Fittings—Bells: three; 1st by John Walgrave, 15th-century; 2nd uninscribed, probably 15th-century; 3rd by John Hodson, 1665. Brass: In nave—on S. wall, to Edward Humberstone, 1622, inscription-plate with shield of arms. Font: square bowl with carved sides, N. and W. with scrolled foliage, E. with large flowers, S. with crescent, disc, whorl, two circles with flowers, etc.; circular stem with four small shafts, square base with moulded edge, late 12th-century, bowl bound with iron. Glass: In chancel—in S.E. window, figures of bishop in mass vestments (Plate p. xxxiv), and of lady, probably St. Margaret, tabernacle work, fragments, etc., 15th-century. Piscinæ: In chancel—with cinque-foiled head, all modern or re-cut. In nave—in S. wall, with cinque-foiled ogee head and square drain, 14th-century. Hourglass Stand: fixed on splay of window, next pulpit, of wrought iron, plain, early 18th-century. Monuments: In nave—on N. wall, (1) of Sir Gamaliel Capell, 1613, tablet of alabaster and black marble with kneeling figures of man and wife at prayer-desk, flanked by Corinthian columns supporting entablature and achievement of arms, kneeling figures of children and two more shields of arms; on S. wall, (2) of Mildred (Capell) wife of Sir William Lucklyn, Bart., 1633, tablet of alabaster and black marble with half-length figure of woman in recess with cherubs holding back curtains; segmental pediment and achievement of arms. Screen (Plate p. 2): under chancel-arch, not in situ, of three and a half double bays, each sub-bay with cinque-foiled, sub-cusped and traceried head, rail with carved running ornament, close lower panels with traceried heads and bases, doorway of one double bay; late 15th-century, cresting modern. Sounding Board: over pulpit, supported by fluted Doric pilaster, inlaid soffit with enriched cornice, early 18th-century. Stoup: In S. porch—E. of S. doorway, with four-centred head and broken basin, 15th-century.

Condition—Fairly good.

Secular

Homestead Moats

a(2). At Berwick Berners Hall, ½ m. N.N.E. of the church.

a(3). At site of former Congregational Chapel, nearly ¾ m. W.N.W. of the church.

c(4). Rookwood Hall, house, barns and moat, ¾ m. W.S.W. of the church. The House is of two storeys, partly timber-framed and plastered and partly of brick; the roofs are tiled. It is part only of a larger house built early in the 16th century and is now L-shaped on plan with the wings extending towards the N. and W. The exterior is much patched and altered but the base of an original chimney-stack remains on the W. side. The N. end has a little diapering in black bricks. Inside the building the ground floor has original moulded ceiling-beams resting on moulded wall-posts. The modern staircase incorporates a newel and two turned balusters of the 17th century. On the first floor the main room is of three bays with moulded wall-posts and plates and a 17th-century barrel ceiling with chamfered oak ribs. In the W. wall is a blocked original doorway with stop-moulded oak jambs and four-centred arch in a square head with foliated spandrels. Another room has an original moulded ceiling-beam.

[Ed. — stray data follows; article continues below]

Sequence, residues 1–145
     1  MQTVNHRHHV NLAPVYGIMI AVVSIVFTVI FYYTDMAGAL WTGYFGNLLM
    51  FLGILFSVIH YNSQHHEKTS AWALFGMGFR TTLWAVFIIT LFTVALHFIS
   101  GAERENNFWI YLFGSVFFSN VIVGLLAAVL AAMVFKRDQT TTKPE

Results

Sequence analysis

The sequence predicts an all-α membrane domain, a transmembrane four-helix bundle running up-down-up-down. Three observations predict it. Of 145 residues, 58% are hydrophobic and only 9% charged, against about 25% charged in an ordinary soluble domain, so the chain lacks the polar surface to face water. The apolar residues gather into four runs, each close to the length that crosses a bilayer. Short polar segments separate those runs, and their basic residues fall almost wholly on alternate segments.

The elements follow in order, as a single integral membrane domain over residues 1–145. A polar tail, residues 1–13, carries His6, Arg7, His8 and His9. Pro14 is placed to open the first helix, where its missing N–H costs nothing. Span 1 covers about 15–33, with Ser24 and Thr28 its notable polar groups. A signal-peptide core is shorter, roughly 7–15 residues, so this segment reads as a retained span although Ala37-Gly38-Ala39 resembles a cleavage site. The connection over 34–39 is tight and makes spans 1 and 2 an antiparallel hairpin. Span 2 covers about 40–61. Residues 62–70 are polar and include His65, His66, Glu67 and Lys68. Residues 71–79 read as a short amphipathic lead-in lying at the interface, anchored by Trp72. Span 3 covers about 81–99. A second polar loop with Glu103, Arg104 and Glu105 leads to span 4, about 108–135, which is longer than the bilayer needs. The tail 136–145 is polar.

The two Barns E. of the house are timber-framed and weather-boarded and were built probably early in the 16th century. The larger barn is of seven bays with two porches and both have original roofs with tie-beams and octagonal king-posts (Plate p. 114). The smaller barn has original windows with the mullion bars set diagonally.

The Moat surrounds the house and outbuildings. It was formerly sub-divided and had an outer enclosure on the S.

Condition—Of house, ruinous.

b(5). Nether Farm, house and moat about ¾ m. N.E. of the church. The House is of two storeys, timber-framed and plastered; the roofs are tiled. It was built in the 17th century on a rectangular plan. The original central chimney-stack has four conjoined shafts set square on plan.

The Moat is incomplete.

Condition—Of house, good.

a(6). Barn, at Abbess Roding Hall, N. of the church. It is timber-framed, partly plastered and partly with brick filling; the roof is of corrugated iron. The barn was built in the 17th century and is of five bays with a porch on the N. side.

Condition—Fairly good.

Monuments (7–11).

The following monuments, unless otherwise described, are of the 17th century and of two storeys, timber-framed and plastered; the roofs are tiled or thatched. Several of the buildings have original chimney-stacks, wide fireplaces and exposed ceiling-beams.

Condition—Good, or fairly good, unless noted.

b(7). Cottage, 100 yards S.S.W. of (5) has an original central chimney-stack with four grouped shafts set diagonally.

Condition—Bad.

b(8) Cottage, 100 yards S. of (7).

b(9) Hales Farm, house nearly 1 m. N.E. of the church. Inside the building are two original doorways with pedimental shaped heads.

a(10). Fairlands, house about 1 m. W. of the church, was built in the 16th century but has been refaced with modern brick. Inside the building one room has original moulded ceiling-beams.

c(11). Leader's Farm, house about 1¼ m. S.W. of the church. The original central chimney-stack has attached diagonal pilasters.